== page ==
I went into the public library here on the Outer Banks, which is where I’m spending a few weeks before returning to the neo-Dust Bowl. I didn’t pack any books for the trip, thinking I might try not reading for a change. But nothing shields your face from the apocalyptic sun like a good book, so I borrowed my mother-in-law’s library card (she lives here year round, at least until all of this is under water—see link below). My first thought was that I might take out Karen Thompson Walker’s Age of Miracles, because I’m in an end-timey state of mind ever since reading this: http://www.rollingstone.com/politics/news/global-warmings-terrifying-new-math-20120719
But it wasn’t in, so I selected a few other books from the new fiction stacks—including Hope: A Tragedy by Shalom Auslander, which I had wanted to read back when it came out and then completely forgot about until I saw it sitting there. I asked the librarian if I could use my mother’s card—I don’t know why I said mother and not mother-in-law. I guess it was partly that it seemed over-complicated to get into the whole “in-law” thing, but also I think I’m more comfortable when there’s a tiny bit of dishonesty involved in my transactions.
The librarian informed me cheerfully that the card had expired, but if I could just give her my mom’s birthday, she’d renew it. “Um,” I said.
The librarian was a nice older woman with the most sensible haircut I’d ever seen. Anyone could have this haircut—man, woman or child, in times of peace or war. She blinked at me pleasantly, expectantly. “I’m blanking.” I said.
The truth is, I have no idea when my mother-in-law’s birthday is. Which makes me a bad son-in-law, I guess, but certainly a horrible son, which is what I was pretending to be. “It’ll come,” she said. “I know what that’s like. I call it a senior moment.” There was nothing condescending in her tone. I would have preferred there had been, I think.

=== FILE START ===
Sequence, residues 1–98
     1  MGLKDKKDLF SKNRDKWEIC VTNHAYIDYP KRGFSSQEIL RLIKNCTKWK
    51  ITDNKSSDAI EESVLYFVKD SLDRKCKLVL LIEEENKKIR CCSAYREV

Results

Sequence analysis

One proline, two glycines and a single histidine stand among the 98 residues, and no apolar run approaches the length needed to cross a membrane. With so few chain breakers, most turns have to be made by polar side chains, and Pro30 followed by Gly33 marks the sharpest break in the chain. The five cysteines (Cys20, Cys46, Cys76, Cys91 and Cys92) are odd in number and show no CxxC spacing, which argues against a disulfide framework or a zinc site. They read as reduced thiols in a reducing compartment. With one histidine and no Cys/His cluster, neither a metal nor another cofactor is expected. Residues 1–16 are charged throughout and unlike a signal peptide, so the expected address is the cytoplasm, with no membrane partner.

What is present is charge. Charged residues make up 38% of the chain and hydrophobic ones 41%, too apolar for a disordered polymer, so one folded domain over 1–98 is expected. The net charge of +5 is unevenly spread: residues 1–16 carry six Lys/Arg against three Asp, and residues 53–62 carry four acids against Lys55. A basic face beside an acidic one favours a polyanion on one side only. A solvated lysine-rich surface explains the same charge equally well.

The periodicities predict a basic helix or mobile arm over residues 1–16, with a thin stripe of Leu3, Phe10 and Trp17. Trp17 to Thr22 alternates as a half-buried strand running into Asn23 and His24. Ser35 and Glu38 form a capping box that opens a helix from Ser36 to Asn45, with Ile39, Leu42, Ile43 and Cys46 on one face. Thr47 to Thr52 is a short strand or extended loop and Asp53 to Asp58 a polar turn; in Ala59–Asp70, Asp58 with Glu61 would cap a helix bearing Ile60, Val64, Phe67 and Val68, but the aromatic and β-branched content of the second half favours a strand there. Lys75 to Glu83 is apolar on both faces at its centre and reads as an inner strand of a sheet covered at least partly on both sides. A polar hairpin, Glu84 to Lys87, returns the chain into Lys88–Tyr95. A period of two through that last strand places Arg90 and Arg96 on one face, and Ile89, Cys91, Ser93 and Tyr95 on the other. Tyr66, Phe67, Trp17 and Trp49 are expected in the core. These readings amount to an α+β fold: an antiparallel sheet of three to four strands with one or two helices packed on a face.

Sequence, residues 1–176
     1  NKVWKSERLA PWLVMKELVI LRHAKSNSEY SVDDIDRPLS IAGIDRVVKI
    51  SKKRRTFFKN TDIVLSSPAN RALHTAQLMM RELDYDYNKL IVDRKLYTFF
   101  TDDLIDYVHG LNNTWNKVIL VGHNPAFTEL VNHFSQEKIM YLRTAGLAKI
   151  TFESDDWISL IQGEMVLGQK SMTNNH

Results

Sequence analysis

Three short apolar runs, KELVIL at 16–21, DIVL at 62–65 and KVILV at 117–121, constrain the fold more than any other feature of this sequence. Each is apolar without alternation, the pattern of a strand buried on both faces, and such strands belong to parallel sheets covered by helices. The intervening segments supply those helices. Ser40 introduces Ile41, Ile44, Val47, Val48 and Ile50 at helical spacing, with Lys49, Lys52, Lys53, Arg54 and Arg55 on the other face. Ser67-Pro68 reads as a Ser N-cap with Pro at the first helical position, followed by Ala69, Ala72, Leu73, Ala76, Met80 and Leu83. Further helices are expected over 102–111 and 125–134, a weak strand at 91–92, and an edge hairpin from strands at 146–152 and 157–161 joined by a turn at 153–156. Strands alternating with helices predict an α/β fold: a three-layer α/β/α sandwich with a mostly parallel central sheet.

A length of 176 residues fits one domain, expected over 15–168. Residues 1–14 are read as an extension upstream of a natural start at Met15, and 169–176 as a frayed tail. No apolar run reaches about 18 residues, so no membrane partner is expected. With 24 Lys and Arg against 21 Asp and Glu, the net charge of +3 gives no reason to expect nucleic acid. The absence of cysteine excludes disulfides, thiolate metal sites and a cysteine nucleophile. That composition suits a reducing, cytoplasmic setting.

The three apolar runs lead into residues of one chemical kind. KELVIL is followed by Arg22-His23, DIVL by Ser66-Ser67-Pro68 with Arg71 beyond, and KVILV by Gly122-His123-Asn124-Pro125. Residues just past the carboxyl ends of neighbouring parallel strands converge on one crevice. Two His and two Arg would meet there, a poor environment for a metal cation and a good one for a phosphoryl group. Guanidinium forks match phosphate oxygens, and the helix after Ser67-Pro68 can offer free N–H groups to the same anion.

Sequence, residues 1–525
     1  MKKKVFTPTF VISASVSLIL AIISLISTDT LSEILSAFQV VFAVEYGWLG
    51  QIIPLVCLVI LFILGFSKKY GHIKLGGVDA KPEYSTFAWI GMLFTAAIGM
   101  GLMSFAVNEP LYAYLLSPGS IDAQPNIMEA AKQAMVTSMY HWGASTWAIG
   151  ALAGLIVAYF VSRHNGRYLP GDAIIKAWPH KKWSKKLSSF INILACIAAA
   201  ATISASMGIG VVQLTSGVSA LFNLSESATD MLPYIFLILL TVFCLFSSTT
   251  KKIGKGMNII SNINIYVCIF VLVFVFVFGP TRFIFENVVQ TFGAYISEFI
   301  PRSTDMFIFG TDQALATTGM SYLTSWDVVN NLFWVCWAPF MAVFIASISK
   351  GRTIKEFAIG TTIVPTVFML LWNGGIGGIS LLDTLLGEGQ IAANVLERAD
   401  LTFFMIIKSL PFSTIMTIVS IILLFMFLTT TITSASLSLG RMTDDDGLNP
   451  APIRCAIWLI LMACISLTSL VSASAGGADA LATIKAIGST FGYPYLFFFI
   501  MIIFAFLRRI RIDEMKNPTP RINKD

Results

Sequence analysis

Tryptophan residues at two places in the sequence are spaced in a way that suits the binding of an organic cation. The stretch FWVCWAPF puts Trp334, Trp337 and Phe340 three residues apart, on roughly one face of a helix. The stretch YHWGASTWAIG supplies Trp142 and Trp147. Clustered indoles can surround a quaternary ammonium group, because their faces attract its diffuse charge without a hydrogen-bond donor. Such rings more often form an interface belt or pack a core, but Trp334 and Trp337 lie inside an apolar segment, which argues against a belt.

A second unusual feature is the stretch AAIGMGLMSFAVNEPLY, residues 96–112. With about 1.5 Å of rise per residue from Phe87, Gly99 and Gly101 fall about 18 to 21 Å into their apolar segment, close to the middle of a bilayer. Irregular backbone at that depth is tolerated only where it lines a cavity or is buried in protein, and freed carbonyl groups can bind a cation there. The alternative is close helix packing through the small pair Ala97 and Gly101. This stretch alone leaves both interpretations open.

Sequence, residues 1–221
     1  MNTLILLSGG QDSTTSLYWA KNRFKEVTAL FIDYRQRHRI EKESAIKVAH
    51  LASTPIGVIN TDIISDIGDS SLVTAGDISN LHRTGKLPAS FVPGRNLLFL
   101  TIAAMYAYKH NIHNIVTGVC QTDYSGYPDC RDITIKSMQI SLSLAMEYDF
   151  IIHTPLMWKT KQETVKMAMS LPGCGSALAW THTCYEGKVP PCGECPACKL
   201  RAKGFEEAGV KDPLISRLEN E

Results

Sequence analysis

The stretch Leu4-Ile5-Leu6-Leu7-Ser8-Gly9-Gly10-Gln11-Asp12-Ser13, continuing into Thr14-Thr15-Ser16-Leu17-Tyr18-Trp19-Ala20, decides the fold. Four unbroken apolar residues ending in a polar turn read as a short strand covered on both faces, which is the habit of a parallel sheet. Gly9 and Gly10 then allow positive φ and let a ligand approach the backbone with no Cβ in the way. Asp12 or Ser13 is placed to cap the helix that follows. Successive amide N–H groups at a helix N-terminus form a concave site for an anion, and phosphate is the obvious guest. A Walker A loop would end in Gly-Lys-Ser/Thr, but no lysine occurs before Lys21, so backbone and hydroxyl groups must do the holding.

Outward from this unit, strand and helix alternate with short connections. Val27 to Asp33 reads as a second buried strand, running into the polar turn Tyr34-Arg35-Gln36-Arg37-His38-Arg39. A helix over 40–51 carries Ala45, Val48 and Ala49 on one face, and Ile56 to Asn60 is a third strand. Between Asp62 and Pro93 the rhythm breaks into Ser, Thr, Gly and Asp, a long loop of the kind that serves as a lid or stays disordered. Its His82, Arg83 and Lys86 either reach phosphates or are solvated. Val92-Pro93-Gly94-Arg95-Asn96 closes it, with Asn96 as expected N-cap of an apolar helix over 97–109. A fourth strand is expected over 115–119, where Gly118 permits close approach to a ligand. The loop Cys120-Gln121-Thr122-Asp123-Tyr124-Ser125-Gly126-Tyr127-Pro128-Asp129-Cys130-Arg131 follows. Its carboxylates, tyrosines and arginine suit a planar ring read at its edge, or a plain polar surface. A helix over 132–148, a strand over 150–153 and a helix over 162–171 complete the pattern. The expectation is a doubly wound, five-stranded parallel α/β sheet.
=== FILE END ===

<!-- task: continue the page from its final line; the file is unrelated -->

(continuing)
I spent a few more moments staring up at the fluorescent lights. Finally I said I didn’t know it. Didn’t know my own mother’s birthday. The librarian looked at me and clucked her tongue. She knew I was lying, that I had essentially come to the library to take books under false pretenses—to steal. Perhaps I had even murdered someone. She seemed to be reaching for something under the counter, a panic button that would summon local law-enforcement. I was literally sweating, which means sweating during a criminal act involving literature.
“Not a very good son, are you?” she said. “No,” I said, with a rush of relief. She didn’t think I was a book thief, just a bad boy. “We’ll forgive you this time. Do you at least have her address?” I had to look in my phone, but I had it. It granted me some legitimacy, having the address in my phone. I even held it up to show her. As I left with my books she said, “You should do something nice for your mother today.”
I did do something. I did it for my fake mother, my real mother, and mothers everywhere. I read a book. Isn’t that the kind of thing mothers want from their sons, to be a good boy and be quiet and go read a book?
Someone had placed a post-it on the title page of the Auslander book. “It’s really weird! –MGT” Is that something people do—leave reviews in library books? I liked getting it, as subjective and misleading and obvious as it may have been. But it was comforting to get this communication from another borrower, kind of like finding a floating message in a bottle. Before I return Hope: A Tragedy, I’m going to annotate this review, just to keep the conversation going.